"This study adds significantly to a growing body of evidence that CoQ10 supplementation may be an efficacious complementary method for improving cardiac function in heart failure patients," said Kevin Connolly, director of scientific affairs and product development, Jarrow Formulas.
The majority of research looking at the benefits of CoQ10 for health has focused on the cardiovascular diseases. The heart tissue contains the highest concentration of CoQ10 in the human body (about 132 nanomoles per gram), and there is evidence, said the researchers of the new study, that plasma CoQ10 levels decrease in patients with advanced chronic heart failure (CHF).
According to the Study on Heart failure Awareness and Perception in Europe (SHAPE), about 14m people in Europe suffer from chronic heart failure (CHF) with the number forecast to rise to 30 m by 2020. About 5m people suffer from the condition in the US.
To test if supplementation of the coenzyme could improve cardiocirculatory efficiency and endothelial function in patients with CHF, Romualdo Belardinelli from the Lancisi Heart Institute, Italy and her colleagues recruited 23 patients (20 men, average age 59) with stable CHF for a double-blind, placebo-controlled cross-over study.
Participants were randomly assigned to one of four four-week intervention groups: oral supplements of CoQ10 (100 mg three times per day, Q-absorb, Jarrow Formulas); CoQ10 plus supervised exercise training (ET) five times a week; placebo; or placebo plus ET.
The results, published on-line ahead of print in the European Heart Journal (doi:10.1093/eurheartj/ehl158), show that the heart's functional capacity improved significantly by nine per cent, as measured by the peak volume of oxygen consumed (VO2), for the CoQ10 compared to placebo. Similar results were observed for the CoQ10 plus exercise groups.
Blood flow also increased, as measured by endothelium-dependent dilation of the brachial artery (EDDBA) by 38 per cent after CoQ10 supplementation.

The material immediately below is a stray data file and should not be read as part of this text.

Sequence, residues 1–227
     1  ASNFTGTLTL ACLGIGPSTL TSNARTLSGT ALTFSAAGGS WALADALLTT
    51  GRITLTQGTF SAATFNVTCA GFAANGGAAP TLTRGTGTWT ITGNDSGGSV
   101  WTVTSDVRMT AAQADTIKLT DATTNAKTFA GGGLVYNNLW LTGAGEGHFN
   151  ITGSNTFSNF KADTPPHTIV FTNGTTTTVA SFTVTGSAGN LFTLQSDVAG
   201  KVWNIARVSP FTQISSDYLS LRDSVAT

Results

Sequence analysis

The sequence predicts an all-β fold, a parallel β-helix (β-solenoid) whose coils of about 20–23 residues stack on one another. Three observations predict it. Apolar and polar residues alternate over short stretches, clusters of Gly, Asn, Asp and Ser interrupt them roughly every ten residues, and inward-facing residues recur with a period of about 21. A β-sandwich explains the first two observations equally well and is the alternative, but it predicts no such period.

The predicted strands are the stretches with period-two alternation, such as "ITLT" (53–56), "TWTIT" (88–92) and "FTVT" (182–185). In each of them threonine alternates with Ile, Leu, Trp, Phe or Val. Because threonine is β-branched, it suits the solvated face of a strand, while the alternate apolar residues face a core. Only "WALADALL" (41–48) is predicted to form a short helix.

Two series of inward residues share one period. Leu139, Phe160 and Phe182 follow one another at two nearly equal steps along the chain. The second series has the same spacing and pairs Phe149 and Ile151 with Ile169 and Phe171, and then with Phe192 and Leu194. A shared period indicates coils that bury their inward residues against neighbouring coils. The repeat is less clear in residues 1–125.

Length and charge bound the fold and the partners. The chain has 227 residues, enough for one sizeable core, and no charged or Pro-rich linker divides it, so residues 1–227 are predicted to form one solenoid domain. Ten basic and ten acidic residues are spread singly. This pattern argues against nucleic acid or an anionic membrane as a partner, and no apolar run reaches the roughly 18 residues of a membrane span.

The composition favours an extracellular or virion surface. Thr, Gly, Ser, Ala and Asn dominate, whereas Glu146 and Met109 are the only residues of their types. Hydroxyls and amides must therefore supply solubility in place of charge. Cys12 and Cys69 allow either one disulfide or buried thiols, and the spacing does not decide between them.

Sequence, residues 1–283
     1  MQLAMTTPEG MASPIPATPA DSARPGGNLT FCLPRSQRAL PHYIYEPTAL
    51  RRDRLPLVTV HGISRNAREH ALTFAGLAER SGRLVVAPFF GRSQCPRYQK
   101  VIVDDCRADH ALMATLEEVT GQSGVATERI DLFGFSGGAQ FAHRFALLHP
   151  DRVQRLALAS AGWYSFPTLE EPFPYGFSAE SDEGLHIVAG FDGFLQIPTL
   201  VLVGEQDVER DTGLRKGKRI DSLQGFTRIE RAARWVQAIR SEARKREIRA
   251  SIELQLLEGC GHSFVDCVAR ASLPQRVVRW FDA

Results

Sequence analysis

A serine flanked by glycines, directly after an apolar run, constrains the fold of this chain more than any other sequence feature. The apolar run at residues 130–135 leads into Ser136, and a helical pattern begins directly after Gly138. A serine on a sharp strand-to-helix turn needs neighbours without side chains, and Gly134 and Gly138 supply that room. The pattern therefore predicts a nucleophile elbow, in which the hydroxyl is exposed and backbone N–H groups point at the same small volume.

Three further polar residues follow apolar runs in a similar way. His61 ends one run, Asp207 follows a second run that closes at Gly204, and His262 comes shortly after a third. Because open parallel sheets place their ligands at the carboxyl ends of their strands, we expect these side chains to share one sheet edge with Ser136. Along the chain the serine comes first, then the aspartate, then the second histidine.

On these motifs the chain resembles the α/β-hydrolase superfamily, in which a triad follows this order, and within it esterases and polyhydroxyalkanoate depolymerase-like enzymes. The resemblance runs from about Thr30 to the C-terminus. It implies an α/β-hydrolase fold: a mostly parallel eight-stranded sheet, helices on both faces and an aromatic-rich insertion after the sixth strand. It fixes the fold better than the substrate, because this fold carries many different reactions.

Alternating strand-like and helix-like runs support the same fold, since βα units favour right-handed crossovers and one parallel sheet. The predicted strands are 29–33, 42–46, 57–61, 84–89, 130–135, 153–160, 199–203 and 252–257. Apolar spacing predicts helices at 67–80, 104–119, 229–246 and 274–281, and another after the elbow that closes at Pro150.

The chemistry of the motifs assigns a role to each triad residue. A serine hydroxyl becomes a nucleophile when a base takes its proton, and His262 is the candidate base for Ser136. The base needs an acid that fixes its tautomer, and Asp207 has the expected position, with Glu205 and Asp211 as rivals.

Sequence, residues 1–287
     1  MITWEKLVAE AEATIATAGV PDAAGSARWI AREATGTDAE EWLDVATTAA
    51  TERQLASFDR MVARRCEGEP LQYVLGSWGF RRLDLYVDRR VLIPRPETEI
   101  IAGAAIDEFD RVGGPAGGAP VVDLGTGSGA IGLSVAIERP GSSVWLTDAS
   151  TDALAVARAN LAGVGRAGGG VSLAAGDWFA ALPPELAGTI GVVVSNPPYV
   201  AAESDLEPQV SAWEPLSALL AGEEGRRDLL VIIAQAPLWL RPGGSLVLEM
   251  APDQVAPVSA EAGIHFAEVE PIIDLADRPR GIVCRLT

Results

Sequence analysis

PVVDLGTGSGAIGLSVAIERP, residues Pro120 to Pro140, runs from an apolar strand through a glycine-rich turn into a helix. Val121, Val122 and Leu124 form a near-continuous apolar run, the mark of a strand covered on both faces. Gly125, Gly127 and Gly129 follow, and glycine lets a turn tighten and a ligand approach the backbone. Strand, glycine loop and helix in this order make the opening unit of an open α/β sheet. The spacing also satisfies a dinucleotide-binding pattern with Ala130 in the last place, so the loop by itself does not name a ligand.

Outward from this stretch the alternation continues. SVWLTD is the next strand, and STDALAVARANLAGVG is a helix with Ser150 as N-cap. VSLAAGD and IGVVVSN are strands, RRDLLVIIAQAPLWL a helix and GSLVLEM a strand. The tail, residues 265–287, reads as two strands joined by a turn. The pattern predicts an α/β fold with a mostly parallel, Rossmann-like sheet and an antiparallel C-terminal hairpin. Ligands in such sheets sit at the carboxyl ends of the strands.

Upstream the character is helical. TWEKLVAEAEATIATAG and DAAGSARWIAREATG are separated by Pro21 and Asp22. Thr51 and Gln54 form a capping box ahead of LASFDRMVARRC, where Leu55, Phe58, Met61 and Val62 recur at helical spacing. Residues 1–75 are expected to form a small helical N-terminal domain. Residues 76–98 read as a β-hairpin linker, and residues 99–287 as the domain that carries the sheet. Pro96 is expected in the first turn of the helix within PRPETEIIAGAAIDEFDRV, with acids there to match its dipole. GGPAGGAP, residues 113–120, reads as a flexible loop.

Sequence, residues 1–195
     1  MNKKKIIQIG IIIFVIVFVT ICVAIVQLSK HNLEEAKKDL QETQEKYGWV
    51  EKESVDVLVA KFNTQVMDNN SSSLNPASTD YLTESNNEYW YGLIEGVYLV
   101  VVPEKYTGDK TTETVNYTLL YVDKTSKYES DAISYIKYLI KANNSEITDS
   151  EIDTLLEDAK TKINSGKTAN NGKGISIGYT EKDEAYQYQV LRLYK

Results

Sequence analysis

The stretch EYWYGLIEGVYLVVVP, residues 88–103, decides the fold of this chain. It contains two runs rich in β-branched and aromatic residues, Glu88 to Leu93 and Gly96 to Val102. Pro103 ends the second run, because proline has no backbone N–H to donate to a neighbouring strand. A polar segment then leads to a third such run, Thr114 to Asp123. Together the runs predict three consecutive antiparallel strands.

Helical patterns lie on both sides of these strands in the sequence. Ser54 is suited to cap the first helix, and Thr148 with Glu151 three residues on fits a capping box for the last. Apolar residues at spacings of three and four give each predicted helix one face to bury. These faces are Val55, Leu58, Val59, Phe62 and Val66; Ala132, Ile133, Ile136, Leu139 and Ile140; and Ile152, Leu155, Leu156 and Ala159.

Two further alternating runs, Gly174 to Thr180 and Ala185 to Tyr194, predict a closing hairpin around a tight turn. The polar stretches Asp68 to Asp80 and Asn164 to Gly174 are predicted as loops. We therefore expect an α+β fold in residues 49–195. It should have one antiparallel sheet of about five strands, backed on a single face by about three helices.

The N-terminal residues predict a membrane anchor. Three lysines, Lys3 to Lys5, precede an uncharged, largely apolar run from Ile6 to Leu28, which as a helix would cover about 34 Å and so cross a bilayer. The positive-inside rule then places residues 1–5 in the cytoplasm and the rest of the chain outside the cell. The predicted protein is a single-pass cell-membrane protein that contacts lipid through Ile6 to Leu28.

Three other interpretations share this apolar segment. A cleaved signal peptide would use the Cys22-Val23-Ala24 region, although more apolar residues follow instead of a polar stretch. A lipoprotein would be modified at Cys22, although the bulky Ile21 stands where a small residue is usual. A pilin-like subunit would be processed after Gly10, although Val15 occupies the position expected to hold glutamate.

Supplementation with CoQ10 tripled plasma CoQ10 levels, and CoQ10 plus exercise further increased levels.
This result is important, said Connolly, because the formulation of CoQ10 is reported to play a key role in its bioavailability. Since the coenzyme is lipophilic (fat-loving) its absorption is enhanced in the presence of fats. However, when taken as a supplement apart from meals, the absorption of some formulations is lower.
Indeed, trials with CoQ10 supplements in powder and oil-suspension forms are reported to result in small or negligible responses in plasma CoQ10 concentrations.
The results of the new study, however, validated the delivery system behind the Q-absorb supplements, said Connelly.
The coenzyme is concentrated in the mitochondria - the 'power plants' of the cell - and plays a vital role in the production of chemical energy by participating in the production of adenosince triphosphate (ATP), the body's co-called 'energy currency'.
A role beyond the mitochondria is also acknowledged, with CoQ10 acting as a potent antioxidant, and it is this role that is proposed to be behind the benefits observed in this study, by reducing reactive oxygen species (ROS) levels, which results in increased levels of nitric oxide and widening of the blood vessels (vasodilation).
"Oral CoQ10 improves functional capacity, endothelial function, and left ventricle contractility in CHF without any side effects," concluded Belardinelli.
While the majority of research has focussed on the role of CoQ10 in cardiovascular health, the sphere of study is widening with studies emerging linking supplements of coenzyme to benefits for diabetes, cancer (breast, lung and prostate), male infertility, and kidney failure.